Your dentist may need to drain the abscess if it’s very large. You’ll may even take some antibiotics. But to treat it thoroughly, your dentist will either need to do a root canal or extract the tooth.

The sooner your see your dentist, the sooner you’ll get relief and the better your chances of holding onto your natural tooth!

Posted on behalf of:
Riverheart Family Dentistry
8618 Mexico Road
O’Fallon, MO 63366
(636) 205-4045


What Happened on “Gum Health Day?”

Posted in Gum Disease

Friday May 12, 2017 marked the “European Gum Health Day,” supported by 27 of the national societies making up the European Federation of Periodontology (EFP). The event drew in extensive media coverage and here in it’s fourth year shows promising signs of further growth.

So, why was this a big deal?

The EFP unites national gum health societies from all over Europe, Caucasia, North Africa, and the Middle East. Their aim? Support research and education activities that promote periodontal (gum) health.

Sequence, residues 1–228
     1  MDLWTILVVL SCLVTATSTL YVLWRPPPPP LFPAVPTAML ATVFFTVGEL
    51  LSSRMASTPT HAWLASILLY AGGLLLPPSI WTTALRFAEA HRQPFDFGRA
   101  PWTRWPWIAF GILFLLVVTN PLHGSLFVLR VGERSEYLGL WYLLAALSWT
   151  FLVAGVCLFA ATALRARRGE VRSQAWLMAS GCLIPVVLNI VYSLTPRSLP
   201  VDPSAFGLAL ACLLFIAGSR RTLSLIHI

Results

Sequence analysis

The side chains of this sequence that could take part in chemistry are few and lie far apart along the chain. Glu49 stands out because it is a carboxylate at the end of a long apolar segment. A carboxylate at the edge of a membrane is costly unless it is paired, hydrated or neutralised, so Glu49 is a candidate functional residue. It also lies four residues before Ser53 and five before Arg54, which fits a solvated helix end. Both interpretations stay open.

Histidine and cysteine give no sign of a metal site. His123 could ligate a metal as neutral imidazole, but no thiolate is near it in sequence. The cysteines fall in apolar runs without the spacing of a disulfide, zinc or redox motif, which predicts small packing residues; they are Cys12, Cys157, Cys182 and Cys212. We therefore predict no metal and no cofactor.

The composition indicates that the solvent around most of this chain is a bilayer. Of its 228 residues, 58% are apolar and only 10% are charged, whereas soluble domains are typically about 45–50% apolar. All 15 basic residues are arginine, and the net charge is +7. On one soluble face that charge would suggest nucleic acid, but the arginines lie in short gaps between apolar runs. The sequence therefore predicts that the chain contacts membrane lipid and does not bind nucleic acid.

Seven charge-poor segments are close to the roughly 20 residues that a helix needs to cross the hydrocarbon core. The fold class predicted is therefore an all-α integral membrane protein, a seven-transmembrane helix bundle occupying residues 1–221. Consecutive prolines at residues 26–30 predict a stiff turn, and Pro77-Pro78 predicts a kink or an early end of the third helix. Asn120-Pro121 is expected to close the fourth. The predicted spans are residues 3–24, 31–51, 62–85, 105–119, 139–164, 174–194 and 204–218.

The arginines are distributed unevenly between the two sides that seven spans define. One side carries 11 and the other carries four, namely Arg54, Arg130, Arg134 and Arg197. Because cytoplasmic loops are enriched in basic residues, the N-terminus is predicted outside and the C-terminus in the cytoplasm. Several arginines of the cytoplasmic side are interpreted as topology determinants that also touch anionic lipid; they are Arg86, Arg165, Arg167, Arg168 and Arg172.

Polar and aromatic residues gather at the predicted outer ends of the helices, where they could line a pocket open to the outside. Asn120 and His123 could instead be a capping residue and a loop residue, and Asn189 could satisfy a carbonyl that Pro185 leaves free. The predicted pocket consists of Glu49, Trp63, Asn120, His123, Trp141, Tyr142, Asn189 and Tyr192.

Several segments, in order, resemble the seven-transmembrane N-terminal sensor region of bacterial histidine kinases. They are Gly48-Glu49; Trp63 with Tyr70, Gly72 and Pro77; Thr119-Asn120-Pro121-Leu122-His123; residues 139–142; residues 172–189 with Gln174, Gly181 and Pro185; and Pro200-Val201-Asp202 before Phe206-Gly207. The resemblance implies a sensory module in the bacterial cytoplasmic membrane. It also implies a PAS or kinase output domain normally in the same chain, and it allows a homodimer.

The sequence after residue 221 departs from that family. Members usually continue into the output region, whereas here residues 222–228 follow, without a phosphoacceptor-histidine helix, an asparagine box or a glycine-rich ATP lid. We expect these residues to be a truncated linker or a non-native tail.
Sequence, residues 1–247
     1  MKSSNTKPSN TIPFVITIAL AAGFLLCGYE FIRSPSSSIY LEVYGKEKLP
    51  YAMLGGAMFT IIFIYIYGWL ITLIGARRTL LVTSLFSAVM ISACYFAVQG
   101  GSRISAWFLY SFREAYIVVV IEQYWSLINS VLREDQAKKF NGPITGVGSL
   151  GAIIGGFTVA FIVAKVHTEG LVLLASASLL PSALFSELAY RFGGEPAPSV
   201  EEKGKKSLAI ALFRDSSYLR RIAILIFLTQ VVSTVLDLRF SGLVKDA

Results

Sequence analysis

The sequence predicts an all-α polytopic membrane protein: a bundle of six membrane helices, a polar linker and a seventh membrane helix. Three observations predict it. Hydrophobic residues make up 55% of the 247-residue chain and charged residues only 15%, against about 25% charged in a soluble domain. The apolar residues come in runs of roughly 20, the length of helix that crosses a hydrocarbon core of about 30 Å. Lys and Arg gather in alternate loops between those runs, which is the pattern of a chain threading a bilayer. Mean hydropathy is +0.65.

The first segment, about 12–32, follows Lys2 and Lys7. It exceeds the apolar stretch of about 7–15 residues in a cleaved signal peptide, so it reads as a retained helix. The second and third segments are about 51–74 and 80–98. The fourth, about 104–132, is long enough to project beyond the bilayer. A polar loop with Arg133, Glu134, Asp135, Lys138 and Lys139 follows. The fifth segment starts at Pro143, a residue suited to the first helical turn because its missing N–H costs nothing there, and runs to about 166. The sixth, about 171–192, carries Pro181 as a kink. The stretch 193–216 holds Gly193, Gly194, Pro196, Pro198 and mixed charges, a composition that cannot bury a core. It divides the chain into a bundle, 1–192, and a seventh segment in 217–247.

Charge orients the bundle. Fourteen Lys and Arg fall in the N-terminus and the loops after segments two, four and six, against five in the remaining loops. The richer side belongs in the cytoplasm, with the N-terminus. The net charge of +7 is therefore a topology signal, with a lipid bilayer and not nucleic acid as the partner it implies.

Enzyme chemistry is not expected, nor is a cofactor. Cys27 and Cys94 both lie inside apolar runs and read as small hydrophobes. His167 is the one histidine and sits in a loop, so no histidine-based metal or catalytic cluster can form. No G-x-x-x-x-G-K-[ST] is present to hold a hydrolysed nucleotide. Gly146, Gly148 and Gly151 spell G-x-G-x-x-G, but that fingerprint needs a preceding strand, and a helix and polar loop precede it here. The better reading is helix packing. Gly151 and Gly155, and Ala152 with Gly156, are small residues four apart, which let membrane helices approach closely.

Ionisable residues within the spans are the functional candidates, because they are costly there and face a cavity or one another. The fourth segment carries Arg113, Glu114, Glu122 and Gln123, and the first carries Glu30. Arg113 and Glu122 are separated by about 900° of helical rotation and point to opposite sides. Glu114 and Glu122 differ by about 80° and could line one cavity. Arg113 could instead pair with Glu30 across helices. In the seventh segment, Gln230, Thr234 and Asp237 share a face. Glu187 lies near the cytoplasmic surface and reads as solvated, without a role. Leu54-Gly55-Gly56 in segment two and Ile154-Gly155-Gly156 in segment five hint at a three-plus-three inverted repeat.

The annual event on May 12 marks an occasion of public outreach via university courses, conferences, media broadcasts, and free periodontal screenings. It’s estimated that millions of people were reached with an important message about gum health.

Why Gum Health Awareness Matters

It might seem like a silly thing to be so concerned about something as unimportant as gums. But is it, though?

You gums play an essential role in keeping your teeth anchored to your jaw. Additionally, their health is intricately connected to other body systems. Gum disease has been linked to some very serious conditions ranging from erectile dysfunction to stroke.